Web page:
Primary Care Reform in Residential Care
The Centre partnered with the Providence Health Care Elder Care Program, the Department of Family Practice, and Haro Park Centre to prepare a project proposal for primary care reform in residential care. We are pleased to have received funding from the VCHA to implement an innovative reform project that we anticipate will address a number of the challenges facing residential care today.
The ongoing demographic shift in BC means that in less than 30 years, one in four people will be over the age of 65 years (BC Ministry of Health statistics). An aging population has an economic impact as health care expenditures rise with age. The average annual expenditure in BC associated with caring for an 85-89 year old is approximately $18,000 and this rises to $36,000 for a 90+ year old. As these age groups reflect the demographic profile of residents, primary care reform in a residential care setting is a strategic priority for the Vancouver Coastal Health Authority.
Residential care across British Columbia is facing unique and significant challenges with the shift towards complex care. The following are some of the challenges faced by the system:
- A 16% increase in resident acuity in a one year period (2002 and 2003) (Changing resident acuity in long-term care and the impact on physicians and staff, Centre for Aging and Health, June 2004);
- An increasing family physician manpower shortage within residential care;
- A scarce pool of new physicians willing to provide care to the elderly;
- A shrinking pool of skilled nurses;
- Stagnant staffing levels in residential care amidst increasing resident acuity;
- A fee-for-service system that favours in-office visits and does not include important fee items for therapeutic activities in a residential care setting (e.g. care conferences and medication reviews);
- Justifiable increasing demands by residents and families for improving the medical care and quality of life for frail elders;
- Overcrowded acute care services (ER and inpatient) that do not cater to the specialized needs of the elderly and often discharge elderly patients into a residential care setting before they meet the criteria for admission.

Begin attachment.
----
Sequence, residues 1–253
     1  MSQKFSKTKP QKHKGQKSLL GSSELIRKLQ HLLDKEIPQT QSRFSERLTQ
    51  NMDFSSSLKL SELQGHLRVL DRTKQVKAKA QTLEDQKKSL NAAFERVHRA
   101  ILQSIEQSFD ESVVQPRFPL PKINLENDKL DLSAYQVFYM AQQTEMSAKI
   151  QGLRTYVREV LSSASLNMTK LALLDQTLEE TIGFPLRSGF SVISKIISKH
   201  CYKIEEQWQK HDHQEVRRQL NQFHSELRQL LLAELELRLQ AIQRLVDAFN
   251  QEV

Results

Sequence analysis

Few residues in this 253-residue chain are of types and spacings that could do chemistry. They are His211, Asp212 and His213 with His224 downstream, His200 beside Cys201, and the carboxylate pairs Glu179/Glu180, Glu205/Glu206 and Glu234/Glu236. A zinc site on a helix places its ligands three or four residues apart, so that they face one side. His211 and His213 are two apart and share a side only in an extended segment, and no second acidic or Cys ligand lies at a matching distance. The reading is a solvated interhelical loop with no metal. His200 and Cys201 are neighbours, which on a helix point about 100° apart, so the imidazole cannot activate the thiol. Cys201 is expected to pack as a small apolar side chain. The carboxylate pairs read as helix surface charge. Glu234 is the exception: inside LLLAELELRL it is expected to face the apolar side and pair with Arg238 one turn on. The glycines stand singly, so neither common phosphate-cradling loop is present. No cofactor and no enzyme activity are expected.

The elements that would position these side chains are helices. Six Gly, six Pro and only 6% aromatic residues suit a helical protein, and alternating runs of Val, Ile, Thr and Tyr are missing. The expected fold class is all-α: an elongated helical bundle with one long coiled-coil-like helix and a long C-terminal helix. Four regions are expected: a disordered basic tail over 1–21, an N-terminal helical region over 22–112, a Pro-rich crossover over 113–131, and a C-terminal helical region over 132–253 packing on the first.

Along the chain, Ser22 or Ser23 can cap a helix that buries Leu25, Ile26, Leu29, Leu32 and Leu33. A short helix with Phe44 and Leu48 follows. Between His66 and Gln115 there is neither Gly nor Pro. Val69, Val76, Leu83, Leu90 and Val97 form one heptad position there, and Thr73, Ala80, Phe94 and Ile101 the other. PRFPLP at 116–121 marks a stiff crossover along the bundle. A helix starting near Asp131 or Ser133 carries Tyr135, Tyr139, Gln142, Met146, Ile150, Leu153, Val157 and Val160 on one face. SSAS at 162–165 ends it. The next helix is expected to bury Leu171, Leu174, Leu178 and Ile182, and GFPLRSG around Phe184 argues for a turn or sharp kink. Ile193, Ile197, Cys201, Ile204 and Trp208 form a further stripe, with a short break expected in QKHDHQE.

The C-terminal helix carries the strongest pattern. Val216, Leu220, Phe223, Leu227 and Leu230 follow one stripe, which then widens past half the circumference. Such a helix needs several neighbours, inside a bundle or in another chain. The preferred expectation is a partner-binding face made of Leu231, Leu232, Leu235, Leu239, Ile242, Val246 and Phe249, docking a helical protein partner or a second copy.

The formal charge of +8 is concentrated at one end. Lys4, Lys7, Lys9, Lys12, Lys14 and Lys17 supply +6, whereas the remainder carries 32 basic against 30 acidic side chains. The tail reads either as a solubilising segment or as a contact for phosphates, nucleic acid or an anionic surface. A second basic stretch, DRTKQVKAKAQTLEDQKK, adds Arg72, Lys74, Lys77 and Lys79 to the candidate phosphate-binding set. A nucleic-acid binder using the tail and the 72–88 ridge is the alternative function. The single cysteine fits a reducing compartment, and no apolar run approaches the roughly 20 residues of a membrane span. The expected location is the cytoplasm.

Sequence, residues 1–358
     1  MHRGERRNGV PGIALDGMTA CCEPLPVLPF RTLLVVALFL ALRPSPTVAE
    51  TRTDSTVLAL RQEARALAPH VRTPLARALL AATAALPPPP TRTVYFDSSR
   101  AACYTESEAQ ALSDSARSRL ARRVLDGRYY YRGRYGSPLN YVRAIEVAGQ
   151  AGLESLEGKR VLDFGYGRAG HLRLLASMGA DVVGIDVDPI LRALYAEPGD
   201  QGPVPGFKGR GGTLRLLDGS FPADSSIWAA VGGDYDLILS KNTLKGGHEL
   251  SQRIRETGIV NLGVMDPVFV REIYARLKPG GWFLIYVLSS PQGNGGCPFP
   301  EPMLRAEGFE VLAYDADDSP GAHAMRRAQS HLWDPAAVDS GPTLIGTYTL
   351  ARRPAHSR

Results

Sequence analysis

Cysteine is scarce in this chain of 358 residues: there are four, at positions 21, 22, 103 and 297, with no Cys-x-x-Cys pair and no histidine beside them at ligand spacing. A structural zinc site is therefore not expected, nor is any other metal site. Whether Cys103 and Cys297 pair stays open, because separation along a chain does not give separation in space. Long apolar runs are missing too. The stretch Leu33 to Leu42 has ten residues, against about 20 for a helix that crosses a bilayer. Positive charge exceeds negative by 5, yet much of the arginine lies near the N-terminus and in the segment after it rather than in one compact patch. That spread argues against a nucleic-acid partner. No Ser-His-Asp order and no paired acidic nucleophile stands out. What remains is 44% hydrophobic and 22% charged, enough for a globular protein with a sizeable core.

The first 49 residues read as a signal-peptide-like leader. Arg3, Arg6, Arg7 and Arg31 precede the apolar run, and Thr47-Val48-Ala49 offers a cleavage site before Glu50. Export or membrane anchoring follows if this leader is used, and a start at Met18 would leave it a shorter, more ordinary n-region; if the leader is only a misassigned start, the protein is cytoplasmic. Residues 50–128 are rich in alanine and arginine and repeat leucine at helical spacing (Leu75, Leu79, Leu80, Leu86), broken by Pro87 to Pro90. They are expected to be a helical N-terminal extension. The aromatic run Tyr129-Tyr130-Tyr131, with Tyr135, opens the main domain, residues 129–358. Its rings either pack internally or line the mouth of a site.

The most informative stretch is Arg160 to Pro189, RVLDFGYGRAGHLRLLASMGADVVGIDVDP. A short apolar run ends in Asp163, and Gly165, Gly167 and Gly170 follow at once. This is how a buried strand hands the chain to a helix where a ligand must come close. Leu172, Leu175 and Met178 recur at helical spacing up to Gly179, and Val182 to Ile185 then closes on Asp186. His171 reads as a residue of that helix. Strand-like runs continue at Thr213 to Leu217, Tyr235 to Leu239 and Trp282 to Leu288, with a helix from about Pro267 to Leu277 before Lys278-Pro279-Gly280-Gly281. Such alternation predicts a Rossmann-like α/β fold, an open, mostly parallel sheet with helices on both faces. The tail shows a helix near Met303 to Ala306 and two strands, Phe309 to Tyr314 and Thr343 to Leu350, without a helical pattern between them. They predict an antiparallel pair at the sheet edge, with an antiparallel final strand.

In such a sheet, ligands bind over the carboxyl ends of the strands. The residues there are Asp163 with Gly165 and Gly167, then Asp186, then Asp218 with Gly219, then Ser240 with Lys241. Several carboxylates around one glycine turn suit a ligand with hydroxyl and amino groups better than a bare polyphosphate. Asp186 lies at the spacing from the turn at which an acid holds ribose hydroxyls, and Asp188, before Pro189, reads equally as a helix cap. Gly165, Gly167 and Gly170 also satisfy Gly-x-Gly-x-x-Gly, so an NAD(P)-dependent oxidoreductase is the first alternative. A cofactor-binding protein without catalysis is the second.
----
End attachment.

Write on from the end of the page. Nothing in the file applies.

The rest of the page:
In light of the above challenges, the principles of primary care reform (i.e. nurse practitioner, electronic medical records, population-based funding, physician networking, etc.) have to be introduced into residential care in ways that are economically realistic and sustainable. The goal of the project is to develop a family practice network that redefines the provision of care, ensuring that it is resident-focused, accessible and provides adequate medical coverage for residents who have challenges with mobility, are cognitively impaired, and who experience multiple chronic diseases with co-morbidities or are medically unstable.
The family practice network proposed will improve the experience of the interdisciplinary care team working at these sites and will improve the relationships among physician, team, elder and family. Improving the quality of physician work life is an important success factor to the sustainability of the network and therefore an important component of this project. In summary, the six facilities from Providence Health Care and Haro Park Centre are committed to implementing an innovative and sustainable physician model of care that not only improves access to care for residents, but will also retain the interest of experienced physicians and entice new physicians.
For more information contact
Nick Groves, Project Leader